# Sylvester's Problem, A Second Look

James Joseph Sylvester was one the greatest British mathematicians of the 19th century. He was known for his absentmindedness and poor memory; on one occasion he even denied the truth of one of his own theorems. Still, he never forgot his origins. E.g., he was precluded from obtaining a Cambridge degree because it required to state his allegiance to the Church of England which he - being Jewish - refused to do.

In 1884 Sylvester submitted to the *Educational Times* the following problem:

A man possess a large quantity of stamps of only two denominations:

I've treated a more general problem

Let p and q be two mutually prime integers greater than 1. What is the largest number that could not be expressed as a linear combination

elsewhere. The solution was based on the observation that the union of the arithmetic sequences

$f_0 = \{0 + 0, 0 + q, 0 + 2q, 0 + 3q, \ldots\}$

$f_1 = \{p + 0, p + q, p + 2q, p + 3q, \ldots\}$

$f_2 = \{2p + 0, 2p + q, 2p + 2q, 2p + 3q, \ldots\}$

$f_3 = \{3p + 0, 3p + q, 3p + 2q, 3p + 3q, \ldots\}$

$\ldots$

$f_{q-1} = \{(q-1)p + 0, (q-1)p + q, (q-1)p + 2q, (q-1)p + 3q, \ldots\}.$

covers the entire set of positive integers with some gaps at the beginning. (The sequence f_{k} consists of quantities that can be paid with k $p$-stamps and a number of $q$-stamps.) The sequences consist of the coefficients of the generating function

$\displaystyle f(x) = \frac{1}{1-x^{q}}(1+x^p +x^{2p} +\ldots +x^{(q-1)p}) = \frac{1-x^{pq}}{(1-x^p)(1-x^q)}.$

On the other hand, the generating function of all the nonnegative integers is simply

$\displaystyle g(x) = 1+x+x^2+x^3+\ldots = \frac{1}{1-x}.$

The difference of the two conceals the answer to Sylvester's problem: what quantity could not be represented by the stamps of two denominations.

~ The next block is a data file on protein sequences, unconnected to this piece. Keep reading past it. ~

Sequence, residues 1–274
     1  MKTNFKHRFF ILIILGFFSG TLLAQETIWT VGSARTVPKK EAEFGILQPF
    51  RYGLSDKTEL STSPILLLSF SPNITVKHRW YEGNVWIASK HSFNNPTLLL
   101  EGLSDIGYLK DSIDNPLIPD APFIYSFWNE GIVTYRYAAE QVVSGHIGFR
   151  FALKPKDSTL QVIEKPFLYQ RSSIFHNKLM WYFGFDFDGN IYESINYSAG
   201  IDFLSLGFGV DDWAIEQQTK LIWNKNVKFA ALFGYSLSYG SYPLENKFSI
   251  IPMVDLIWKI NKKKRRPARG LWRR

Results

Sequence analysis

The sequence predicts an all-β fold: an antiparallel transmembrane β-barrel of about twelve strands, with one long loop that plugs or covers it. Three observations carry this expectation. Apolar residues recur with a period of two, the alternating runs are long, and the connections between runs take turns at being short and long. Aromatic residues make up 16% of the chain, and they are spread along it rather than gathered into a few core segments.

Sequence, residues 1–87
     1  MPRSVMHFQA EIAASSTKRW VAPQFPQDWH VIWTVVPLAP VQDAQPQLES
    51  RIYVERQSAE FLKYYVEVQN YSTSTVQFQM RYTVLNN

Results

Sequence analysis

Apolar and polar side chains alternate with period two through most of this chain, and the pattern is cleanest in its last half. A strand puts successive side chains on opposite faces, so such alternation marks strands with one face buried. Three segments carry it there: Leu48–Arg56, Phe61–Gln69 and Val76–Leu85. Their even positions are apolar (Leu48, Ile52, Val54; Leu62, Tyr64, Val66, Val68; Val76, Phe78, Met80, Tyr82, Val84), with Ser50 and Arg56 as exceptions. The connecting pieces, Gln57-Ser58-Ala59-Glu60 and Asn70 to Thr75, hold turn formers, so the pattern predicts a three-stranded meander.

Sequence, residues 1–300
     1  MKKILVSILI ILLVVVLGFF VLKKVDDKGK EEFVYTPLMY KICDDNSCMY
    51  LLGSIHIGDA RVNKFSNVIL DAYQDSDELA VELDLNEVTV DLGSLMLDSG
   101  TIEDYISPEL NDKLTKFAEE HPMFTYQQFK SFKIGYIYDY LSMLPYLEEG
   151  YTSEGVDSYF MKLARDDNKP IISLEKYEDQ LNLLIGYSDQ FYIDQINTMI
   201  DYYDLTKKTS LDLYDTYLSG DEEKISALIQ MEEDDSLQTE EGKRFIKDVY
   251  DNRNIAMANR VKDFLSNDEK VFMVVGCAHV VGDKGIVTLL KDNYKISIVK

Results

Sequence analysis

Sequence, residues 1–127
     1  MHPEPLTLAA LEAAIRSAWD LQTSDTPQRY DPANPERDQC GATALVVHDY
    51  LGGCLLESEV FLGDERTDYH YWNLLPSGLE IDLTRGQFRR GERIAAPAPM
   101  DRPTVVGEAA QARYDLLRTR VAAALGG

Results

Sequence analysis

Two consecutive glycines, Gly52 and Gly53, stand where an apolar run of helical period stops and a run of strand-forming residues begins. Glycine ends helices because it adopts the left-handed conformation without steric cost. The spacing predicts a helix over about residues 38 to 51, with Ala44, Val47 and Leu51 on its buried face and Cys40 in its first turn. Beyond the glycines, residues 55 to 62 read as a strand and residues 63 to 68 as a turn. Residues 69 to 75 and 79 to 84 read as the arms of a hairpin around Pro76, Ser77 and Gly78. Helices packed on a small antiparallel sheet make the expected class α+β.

$\displaystyle g(x) - f(x) = \frac{1}{1-x} - \frac{1-x^{pq}}{(1-x^p)(1-x^q)} = \frac{(1-x^p)(1-x^q) - (1-x)(1-x^{pq})}{(1-x)(1-x^p)(1-x^q)}.$

Since sequence $f_k$ cover the entire set of positive integers with only some gaps at the beginning, this expression is finite, i.e., a polynomial. The degree of this polynomial is exactly the highest amount that could not be paid with $p$- and $q$-stamps; it is found from

$(pq + 1) - (p + q + 1) = pq - p - q,$

which is the answer to Sylvester's problem.

The representation of the solution with generating function makes it easy to answer an additional question: what is the number of the amounts that could not be paid with $p$- and $q$-stamps? This number is equal to the number of nonzero coefficients in the polynomial. Since the polynomial is a finite part of the geometric series $\displaystyle g(x) = 1+x+x^2+x^3+\ldots = \frac{1}{1-x},$ all of its nonzero coefficients equal 1. Their number could be found by substituting $x=1$; however, since the polynomial is represented rather implicitly, the way to find its value at $x=1$ is via L'Hôpital's Rule. It so happens that the rule needs to be applied three times. The third derivative of the numerator at $x=1$ comes out to be $-3pq(pq-p-q+1)$, and that of the denominator $-6ab$. Thus the value of the polynomial is the quotient of the two:

$(pq -p -q+1)/2.$

### References

- M. Erickson,
*Beautiful Mathematics*, MAA, 2011

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